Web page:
This is the course website for CS444, Data Visualization.
Welcome to CS444, Data Visualization. In this course, you will learn how, and why, to create data visualizations. Please read the syllabus carefully, and contact the instructor should you have any questions about its content.
A “visualization” is simply a visual representation of an object of our interest. It’s visual: we consume them with our eyes, and so it is essential that we know how our eyes work — and, more importantly, the parts of our brains connected to our eyes. It’s also a representation; we get to choose what this representation will be, and different choices lead to different pictures, some good and some bad. We will learn how to tell those apart, and how to make pictures that are more good than bad.
Good data visualization involves perceptual psychology, mathematics, and computer science. This makes our subject uniquely challenging: sometimes the way our eyes work stands in way of applying some beautiful result from computer science. Sometimes it’s the other way around: something deep about the math in the data will help guide the design process and let us make a picture that is beautiful, informative, and truthful.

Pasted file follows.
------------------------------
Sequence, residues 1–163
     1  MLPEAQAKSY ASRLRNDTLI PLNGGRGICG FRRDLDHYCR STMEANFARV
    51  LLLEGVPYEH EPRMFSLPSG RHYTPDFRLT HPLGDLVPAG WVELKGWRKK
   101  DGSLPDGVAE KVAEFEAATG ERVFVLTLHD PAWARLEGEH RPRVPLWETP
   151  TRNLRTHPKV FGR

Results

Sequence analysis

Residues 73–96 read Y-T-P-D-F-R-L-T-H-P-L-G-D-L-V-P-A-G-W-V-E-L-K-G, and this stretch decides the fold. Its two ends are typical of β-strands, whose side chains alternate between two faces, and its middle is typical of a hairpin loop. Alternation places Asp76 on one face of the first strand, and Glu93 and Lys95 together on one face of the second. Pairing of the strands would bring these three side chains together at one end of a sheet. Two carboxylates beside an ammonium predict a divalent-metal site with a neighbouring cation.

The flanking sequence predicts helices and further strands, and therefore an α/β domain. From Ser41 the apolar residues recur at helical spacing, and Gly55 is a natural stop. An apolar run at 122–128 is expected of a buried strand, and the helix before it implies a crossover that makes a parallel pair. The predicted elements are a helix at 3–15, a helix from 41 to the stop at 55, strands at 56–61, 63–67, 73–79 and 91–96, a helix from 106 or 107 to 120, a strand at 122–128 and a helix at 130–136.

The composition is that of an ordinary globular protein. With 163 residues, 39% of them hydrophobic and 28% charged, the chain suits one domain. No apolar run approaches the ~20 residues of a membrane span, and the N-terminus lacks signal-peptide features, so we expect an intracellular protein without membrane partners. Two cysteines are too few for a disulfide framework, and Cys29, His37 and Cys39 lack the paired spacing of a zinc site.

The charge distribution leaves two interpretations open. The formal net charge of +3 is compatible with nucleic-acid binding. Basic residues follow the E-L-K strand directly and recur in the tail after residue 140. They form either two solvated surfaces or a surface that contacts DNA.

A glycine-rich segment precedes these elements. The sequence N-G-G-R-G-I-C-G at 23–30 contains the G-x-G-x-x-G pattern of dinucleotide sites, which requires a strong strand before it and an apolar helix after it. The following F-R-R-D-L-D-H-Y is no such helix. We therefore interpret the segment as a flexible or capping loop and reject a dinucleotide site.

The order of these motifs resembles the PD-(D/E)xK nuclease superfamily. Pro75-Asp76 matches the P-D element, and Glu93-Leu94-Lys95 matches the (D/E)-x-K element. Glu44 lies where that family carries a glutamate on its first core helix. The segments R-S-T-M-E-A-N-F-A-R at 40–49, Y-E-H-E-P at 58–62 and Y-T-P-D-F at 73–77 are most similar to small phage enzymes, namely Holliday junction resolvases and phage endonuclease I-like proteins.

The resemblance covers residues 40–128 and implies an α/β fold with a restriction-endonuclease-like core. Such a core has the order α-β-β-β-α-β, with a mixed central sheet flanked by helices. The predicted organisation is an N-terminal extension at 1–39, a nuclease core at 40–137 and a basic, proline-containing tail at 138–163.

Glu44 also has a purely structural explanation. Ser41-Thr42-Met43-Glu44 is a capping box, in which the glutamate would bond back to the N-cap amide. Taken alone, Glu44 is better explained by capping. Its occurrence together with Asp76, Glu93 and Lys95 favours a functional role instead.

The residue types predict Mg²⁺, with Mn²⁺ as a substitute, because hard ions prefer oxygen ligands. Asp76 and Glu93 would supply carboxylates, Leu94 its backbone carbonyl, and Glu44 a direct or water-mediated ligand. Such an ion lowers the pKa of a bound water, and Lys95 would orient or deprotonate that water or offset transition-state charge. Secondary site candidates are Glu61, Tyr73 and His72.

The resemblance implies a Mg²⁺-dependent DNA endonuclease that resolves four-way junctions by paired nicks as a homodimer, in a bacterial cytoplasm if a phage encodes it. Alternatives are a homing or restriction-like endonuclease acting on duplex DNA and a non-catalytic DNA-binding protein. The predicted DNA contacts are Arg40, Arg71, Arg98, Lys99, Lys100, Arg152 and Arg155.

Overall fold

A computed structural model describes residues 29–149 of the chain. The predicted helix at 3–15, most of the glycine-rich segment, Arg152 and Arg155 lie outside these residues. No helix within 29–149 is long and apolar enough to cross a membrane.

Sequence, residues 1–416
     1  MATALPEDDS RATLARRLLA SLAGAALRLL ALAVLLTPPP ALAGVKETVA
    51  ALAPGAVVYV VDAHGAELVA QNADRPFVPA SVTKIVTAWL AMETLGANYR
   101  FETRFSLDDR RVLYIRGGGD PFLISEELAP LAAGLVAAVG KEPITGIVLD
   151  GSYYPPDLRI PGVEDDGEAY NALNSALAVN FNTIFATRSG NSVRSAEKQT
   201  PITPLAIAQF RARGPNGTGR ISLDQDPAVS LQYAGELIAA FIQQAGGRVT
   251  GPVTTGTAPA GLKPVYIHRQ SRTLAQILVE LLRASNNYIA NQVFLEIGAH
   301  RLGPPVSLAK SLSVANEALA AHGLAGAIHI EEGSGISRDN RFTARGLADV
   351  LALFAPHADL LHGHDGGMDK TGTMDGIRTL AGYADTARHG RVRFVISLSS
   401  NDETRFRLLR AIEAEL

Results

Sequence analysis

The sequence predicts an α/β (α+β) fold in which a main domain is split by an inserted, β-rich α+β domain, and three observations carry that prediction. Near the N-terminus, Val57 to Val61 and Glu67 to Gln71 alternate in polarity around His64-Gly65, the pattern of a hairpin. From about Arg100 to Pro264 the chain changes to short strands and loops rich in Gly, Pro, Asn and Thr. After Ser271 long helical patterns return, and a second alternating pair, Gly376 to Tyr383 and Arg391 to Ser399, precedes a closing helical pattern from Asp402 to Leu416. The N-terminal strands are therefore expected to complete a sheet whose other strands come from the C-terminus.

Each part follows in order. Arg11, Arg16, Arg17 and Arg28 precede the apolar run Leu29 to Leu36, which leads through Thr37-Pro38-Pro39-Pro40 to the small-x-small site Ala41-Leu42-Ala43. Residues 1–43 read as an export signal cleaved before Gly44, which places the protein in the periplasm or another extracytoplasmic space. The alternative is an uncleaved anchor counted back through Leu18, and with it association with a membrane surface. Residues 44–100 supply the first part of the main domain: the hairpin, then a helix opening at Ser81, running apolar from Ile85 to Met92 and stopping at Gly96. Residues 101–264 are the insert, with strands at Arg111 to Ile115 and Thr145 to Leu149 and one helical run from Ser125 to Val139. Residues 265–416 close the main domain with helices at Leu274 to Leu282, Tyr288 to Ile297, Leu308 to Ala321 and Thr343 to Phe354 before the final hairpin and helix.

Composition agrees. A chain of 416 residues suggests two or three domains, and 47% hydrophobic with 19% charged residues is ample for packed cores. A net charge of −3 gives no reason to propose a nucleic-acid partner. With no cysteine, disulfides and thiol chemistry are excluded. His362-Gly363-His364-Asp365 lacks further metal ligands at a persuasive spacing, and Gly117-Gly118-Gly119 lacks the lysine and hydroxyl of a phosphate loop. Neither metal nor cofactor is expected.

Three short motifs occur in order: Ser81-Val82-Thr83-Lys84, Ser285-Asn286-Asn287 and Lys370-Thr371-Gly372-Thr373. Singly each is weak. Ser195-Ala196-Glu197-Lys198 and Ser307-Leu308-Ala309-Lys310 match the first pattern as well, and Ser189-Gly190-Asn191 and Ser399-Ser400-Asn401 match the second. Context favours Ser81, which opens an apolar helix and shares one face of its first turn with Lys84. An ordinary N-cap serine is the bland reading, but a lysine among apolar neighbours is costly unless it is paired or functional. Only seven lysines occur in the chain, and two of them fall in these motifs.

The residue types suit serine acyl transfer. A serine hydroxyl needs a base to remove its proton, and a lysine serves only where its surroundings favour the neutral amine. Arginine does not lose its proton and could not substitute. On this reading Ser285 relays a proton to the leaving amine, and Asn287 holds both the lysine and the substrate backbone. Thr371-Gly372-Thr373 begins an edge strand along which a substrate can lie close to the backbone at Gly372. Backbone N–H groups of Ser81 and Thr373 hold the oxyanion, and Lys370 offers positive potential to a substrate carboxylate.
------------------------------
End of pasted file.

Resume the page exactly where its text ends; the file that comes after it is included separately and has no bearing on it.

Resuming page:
The content of the course is split roughly in three distinct aspects: mechanics, principles, and techniques.
The syllabus for the course is available here.
|Mechanics||01/16||HTML/CSS/SVG Basics||no slides|
|01/25||d3 intro||A3 no slides|
|01/30||d3 joins and scales||no slides|
|Principles||02/01||Color vision||A4 slides|
|02/08||Other perceptual channels||A5 slides|
|02/15||Other perceptual channels||A6 slides|
|02/27||Design Criticism, Algebraic Design||slides|
|Techniques||Basic Spatial Arrangements||slides|
|Spatial Data||slides, slides 2|
|Spatial Data||slides 2|
|Thanksgiving, no class|
|Putting it all together|
|The Human Side of Data|